What is an Audit
Audit. Do you panic when you hear that five-letter word? You might think an audit is the last thing your business needs, but they aren’t always bad. Regular audits can be more like a routine maintenance check than an invitation for IRS penalties.
As a business owner, you always need to be ready for them—this means having your company’s financial house in order. As a small business owner, you are responsible for maintaining clear accounting books that show your business’s income and expenses. If your records are disorganized or missing, audits will be especially drawn out and difficult.
What’s an Audit’s Purpose?
The purpose of an audit is to form a view on whether the information presented in the financial report, taken as a whole, reflects the financial position of the organisation at a given date, for example:
- Are details of what is owned and what the organisation owes properly recorded in the balance sheet?
- Are profits or losses properly assessed?
When examining the financial report, auditors must follow auditing standards which are set by a government body. Once auditors have completed their work, they write an audit report, explaining what they have done and giving an opinion drawn from their work. Generally, all listed companies and limited liability companies are subject to an audit each year. Other organisations may require or request an audit depending on their structure and ownership.
Auditors don’t do everything, though. Audit’s don’t:
- Audit other information provided to the members of the organisation, for example, the directors’ report.
- Check every figure in the financial report – audits are based on selective testing only.
- Judge the appropriateness of the organisation’s business activities or strategies or decisions made by the directors.
- Look at every transaction carried out by the organisation.
- Test the adequacy of all of the organisation’s internal controls.
- Comment to shareholders on the quality of directors and management, the quality of corporate governance or the quality of the organisation’s risk management procedures and controls.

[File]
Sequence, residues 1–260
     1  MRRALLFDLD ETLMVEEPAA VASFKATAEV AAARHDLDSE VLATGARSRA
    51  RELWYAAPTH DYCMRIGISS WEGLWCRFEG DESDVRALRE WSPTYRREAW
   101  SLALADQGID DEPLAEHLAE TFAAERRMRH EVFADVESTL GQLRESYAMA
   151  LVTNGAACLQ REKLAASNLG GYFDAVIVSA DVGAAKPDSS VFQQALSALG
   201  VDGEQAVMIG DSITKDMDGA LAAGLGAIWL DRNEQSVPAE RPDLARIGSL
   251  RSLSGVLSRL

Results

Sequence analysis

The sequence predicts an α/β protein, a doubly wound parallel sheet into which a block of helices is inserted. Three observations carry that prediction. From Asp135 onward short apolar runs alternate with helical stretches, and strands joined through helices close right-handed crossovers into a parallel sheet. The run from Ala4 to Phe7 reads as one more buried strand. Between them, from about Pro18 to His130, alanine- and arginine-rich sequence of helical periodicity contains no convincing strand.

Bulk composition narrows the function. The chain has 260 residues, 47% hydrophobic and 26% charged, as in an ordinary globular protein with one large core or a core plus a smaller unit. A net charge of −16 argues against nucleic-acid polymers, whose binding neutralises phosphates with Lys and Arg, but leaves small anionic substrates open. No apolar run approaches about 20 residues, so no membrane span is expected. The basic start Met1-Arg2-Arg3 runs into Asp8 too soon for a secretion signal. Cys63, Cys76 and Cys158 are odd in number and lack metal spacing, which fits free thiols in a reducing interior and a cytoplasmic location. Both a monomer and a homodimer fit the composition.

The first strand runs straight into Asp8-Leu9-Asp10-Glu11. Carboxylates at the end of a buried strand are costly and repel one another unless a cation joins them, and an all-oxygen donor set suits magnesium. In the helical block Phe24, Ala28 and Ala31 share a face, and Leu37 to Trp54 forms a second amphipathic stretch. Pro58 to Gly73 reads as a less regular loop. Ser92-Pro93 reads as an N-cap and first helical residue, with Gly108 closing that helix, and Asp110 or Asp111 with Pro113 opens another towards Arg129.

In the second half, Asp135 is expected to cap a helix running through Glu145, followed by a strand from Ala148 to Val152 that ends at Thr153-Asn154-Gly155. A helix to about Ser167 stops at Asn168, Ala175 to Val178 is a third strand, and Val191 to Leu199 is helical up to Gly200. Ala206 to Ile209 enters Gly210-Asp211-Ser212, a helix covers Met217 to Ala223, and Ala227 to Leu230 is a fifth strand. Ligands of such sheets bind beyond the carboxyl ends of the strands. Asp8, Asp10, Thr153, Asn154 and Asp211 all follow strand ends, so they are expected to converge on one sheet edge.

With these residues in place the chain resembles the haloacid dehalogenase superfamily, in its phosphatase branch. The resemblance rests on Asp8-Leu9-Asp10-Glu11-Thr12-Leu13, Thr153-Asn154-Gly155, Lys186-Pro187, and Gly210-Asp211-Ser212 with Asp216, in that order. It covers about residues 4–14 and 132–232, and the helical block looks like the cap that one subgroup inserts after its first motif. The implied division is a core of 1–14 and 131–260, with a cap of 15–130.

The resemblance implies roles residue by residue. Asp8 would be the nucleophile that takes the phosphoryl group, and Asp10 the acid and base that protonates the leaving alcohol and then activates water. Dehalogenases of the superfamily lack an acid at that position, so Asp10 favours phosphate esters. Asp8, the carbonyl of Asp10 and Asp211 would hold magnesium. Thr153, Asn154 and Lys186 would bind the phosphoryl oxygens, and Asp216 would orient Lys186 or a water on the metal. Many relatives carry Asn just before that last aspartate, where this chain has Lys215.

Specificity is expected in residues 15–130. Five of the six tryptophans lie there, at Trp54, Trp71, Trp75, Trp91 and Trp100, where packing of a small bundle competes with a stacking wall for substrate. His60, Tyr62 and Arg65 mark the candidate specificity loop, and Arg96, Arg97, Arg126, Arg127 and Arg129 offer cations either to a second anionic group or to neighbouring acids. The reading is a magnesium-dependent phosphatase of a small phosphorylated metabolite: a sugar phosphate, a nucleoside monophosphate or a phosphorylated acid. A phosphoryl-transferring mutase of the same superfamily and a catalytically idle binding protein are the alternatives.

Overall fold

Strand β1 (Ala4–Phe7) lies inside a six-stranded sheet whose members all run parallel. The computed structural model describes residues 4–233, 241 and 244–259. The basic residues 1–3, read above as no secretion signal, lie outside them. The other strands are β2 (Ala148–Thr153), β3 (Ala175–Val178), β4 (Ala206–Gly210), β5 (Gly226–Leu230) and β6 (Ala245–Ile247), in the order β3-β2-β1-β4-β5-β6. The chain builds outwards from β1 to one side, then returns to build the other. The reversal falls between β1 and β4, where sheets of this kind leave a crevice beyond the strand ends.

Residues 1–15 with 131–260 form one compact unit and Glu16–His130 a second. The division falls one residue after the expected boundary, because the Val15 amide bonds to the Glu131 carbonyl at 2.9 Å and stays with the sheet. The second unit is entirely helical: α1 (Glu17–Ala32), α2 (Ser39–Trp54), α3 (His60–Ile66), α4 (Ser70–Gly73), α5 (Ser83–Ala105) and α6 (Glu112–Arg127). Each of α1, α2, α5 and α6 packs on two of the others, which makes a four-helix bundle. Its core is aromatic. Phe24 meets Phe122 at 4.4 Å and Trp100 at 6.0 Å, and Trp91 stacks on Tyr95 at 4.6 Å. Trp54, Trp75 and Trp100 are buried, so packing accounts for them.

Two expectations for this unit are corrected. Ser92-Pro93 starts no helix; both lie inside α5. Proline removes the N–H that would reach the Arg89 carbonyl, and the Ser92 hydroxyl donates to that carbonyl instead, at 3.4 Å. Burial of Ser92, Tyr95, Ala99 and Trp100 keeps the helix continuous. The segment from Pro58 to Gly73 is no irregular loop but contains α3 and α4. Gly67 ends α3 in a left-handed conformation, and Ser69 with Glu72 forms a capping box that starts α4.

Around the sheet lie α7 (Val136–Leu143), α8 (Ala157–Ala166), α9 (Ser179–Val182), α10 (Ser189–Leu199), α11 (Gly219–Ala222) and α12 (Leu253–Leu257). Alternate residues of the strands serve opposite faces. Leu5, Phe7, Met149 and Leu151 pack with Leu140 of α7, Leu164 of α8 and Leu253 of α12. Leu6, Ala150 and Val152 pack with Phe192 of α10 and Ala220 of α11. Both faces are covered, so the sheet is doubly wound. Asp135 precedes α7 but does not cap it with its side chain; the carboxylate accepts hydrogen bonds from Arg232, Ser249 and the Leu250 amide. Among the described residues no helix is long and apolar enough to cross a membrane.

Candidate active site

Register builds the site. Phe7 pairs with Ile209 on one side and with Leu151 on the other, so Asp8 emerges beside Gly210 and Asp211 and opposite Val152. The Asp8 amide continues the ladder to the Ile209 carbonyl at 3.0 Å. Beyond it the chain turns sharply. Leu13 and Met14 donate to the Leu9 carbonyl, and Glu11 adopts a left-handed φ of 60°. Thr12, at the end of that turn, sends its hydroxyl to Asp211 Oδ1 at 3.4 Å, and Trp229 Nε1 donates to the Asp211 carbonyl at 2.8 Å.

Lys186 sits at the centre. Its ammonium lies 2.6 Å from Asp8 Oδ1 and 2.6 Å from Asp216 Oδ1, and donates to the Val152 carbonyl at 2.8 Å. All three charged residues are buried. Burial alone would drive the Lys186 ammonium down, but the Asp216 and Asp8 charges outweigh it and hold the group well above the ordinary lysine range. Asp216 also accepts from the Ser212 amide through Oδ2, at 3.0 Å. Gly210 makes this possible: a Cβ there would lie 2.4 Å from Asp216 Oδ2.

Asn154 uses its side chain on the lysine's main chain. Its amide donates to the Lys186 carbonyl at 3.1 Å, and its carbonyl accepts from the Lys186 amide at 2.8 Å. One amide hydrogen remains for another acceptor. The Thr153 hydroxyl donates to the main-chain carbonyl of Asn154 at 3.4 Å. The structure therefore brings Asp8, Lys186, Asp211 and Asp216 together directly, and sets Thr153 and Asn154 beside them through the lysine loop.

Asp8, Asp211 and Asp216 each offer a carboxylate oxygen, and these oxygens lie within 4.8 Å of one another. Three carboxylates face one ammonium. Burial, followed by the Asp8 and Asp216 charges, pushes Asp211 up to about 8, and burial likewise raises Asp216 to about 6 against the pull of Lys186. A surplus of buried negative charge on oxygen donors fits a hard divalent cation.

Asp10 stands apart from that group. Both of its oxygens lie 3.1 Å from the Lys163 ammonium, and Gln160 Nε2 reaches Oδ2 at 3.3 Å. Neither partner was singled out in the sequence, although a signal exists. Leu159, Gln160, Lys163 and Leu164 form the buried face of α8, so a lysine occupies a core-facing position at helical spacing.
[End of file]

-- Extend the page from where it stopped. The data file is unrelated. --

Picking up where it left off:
Types of Audit
It’s not just audits conducted by the IRS (or your country’s central tax authority) that you need to know about, though. There are other types.
1. Internal audits
An internal audit is initiated by you and conducted by someone within your business. You might have someone conduct an internal audit to prevent financial mistakes and check in on company goals.
Internal audits don’t just look at your business’s finances. They can examine business operations and management to make sure everything is functioning efficiently.
If you have board members or shareholders, you might conduct an internal audit to update them on your finances.
2. External audit
An external audit is performed by a third party, like an insurance company, local tax agency, or the IRS. External auditors must follow auditing standards known as generally accepted auditing standards (GAAS).
Some external auditors might want to look at the complete picture of your business’s financial records while others may examine specific aspects of business operations.
Audit reports prepared by external auditors are written using generally accepted auditing standards.
3. Tax authority audits (e.g. IRS, HMRC, etc.)
A tax authority audit might take place due to a discrepancy on your small business tax return. Or, your business might randomly be selected for an audit.
If you are being audited by a central tax authority, you will first receive a notice in the mail. Tax authority audits are conducted either by mail or through in-person interviews. In the event of a tax authority audit, you should respond promptly and seek the guidance of a tax professional.
Preparing for an Audit
So, what happens if you get audited? Before an audit, you need to get your financial records in order. Theoretically, you should always be prepared for an audit. You should have an audit trail so you can prove where your numbers come from and auditors can easily trace your transactions.
Organize your financial documents so the auditors can easily access records and get a clear view of your business. Organize records chronologically.
Bring financial records like bank statements, credit card statements, receipts, invoices, and journal entries. Your auditor will use the records to test for accuracy and discover errors. The more information you provide and the more organized you are, the faster the audit process.
Proper financial management, e.g. by using a robust accounting tool such as Holded’s, will always ensure that you are prepared.